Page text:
Directed by: Sergie M. Eisenstein
Genre: Drama, War
Black and White, 75 Minutes
A while back I tried watching this and the copy had picture perfect quality, but the subtitles were way off. So, the review of this film has been delayed and now I have watched it properly. Battleship Potemkin is among the best silent films, and today is known as one of the greatest propaganda films of all time. The films striking visuals and largely controversial (for the time) message sum up for a very exciting experience. The film has a short runtime, but it's worth every minute.
The film opens up with some pretty shots of water flying about and hitting rocks. We then see sailors on the titular ship, were they are all in their hammocks sleeping. One is crying, clearly from the harsh conditions and isolation of the ship. Soon, the men discover that the meat, in which they are expected to have to eat, is infested by maggots. The captain comes out claiming it is good meat, which infuriates the men. Pretty soon, the men become more and more agitated by the conditions they are under and rebel against the men of the high ranks. We then progress to the next sections of the film were we see people in an act of freedom, and a great tragedy that is considerably graphic.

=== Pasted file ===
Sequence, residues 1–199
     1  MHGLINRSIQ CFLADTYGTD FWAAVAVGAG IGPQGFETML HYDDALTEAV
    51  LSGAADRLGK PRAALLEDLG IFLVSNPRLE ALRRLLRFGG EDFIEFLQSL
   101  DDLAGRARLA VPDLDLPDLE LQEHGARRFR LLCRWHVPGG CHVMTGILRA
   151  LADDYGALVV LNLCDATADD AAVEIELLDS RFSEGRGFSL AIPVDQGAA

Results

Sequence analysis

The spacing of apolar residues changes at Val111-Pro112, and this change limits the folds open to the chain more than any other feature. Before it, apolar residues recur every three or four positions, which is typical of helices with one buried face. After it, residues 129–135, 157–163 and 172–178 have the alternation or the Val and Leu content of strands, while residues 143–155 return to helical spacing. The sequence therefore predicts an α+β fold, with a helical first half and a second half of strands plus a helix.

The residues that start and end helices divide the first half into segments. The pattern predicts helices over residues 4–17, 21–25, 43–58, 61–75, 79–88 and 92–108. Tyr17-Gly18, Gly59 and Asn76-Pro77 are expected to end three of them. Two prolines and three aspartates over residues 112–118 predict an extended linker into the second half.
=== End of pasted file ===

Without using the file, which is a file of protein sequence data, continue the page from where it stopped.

The film is very short in what happens and there are practically only a few scenes to the film. The most notable scene is of course the renowned Odessa Staircase scene. This, I would consider the film’s most intense scene and best. Even now, it is tragic to watch and considerably graphic. In the impressively well-edited scenario, we see soldiers marching down these steps with a clear dominance over the people with their guns as they inhumanely kill everything in front of them like heartless machines. The most effective shots would be that of the boy being trampled by people running away in fear, who is also shot. This is still today, a very powerful scene that is reasonably surprising.
It is deemed as the greatest propaganda film and a few have even claimed it as the best film of all time according to 1958. This is quite a bold statement and the film is far from being the greatest of all time, but it may very well be the greatest propaganda film.
What makes the film so memorable and alive today is its imagery that for those who know of the rules of cinema in its early days was controversial. The film as I have said has some beautiful shots and they definitely have a poetic touch to them. The director, Sergie M Eisenstein has showed artistic craft with the films narrative and direction, which still manages to excite audiences today.
Verdict: After 87 years the film is a fascinating account of a historical event that happened over 100 years ago that is full of exciting imagery and excellent direction. It sits among the best silent films of all time.
IMDB Rating: 8.1/10